Innovative multisector approach

This first major collaborated public‐private sector initiative was led by leading leisure corporates. The innovative funding mechanism that employed public private partnership also had its advantages and disadvantages but led the way to the application of global best practices which are now, visible learning tools of this model initiative.

Community development initiatives

The Rainforest Ecolodge’s extensive development initiatives which began with the USAID’s GDA‐supported SENCE program in 2005 are still active and ongoing as a part of the ecolodge’s routine operations. Under the SENCE program, 35 brand new residential units were constructed for members of the community who were requested to relocate when the area with their existing homesteads was selected for the construction of the ecolodge. In addition to these, buildings purposed for a crèche, a primary school and a healthcare center were also constructed for the benefit of the community members.

The SENCE program also supported the execution of a number of studies including scientific and socio‐economic surveys to gauge the relevant existing conditions and challenges for further development. Observations recorded during these surveys and stated recommendations were converted into actions through the implementation of numerous workshops, health clinics and practical sessions that involved almost 100 individuals from the surrounding community. Such workshops on various topics are still being facilitated by the ecolodge upon requests from the community.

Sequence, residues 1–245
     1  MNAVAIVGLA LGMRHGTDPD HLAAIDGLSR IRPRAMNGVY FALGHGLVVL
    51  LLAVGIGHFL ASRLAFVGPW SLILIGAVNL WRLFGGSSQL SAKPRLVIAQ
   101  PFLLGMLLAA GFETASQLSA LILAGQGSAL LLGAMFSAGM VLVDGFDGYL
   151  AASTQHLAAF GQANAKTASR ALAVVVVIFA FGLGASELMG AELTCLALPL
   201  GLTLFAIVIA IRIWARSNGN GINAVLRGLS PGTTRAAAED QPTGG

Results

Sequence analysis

The Rainforest Ecolodge also played a key role in ensuring the community’s access to energy and potable water resources as well as public transportation and road infrastructure. Human resources required at the ecolodge during construction, and now during operations have been recruited from

Asia’s Best Responsible Tourism Businesses Revealed

2013 Wild Asia Responsible Tourism Awards Winners

The seventh Wild Asia Responsible Tourism Awards revealed its six prestigious winners at Asia’s biggest business-to-business travel trade show, ITB Asia, today (Friday 25th October) in Singapore. From all corners of the region, this year’s winners represent leaders in sustainability, each showcasing how the tourism industry can be a force for good. These businesses are inspirational examples of socially and environmentally responsible companies, making a big positive difference in the destinations they operate within.

Best in Community Engagement and Development

This award recognizes exceptional commitment to supporting the local community and economy in which the business operates.

Workplace staff_small business opportunityWinner: Lisu Lodge, Thailand

Named after the Lisu hill tribe village that is found near the lodge, Lisu Lodge is part of a communitybased project that aims to conserve the natural heritage of the hill tribes of northern Thailand. Lisu Lodge has demonstrated an inspirational commitment to creating a sustainable local economy through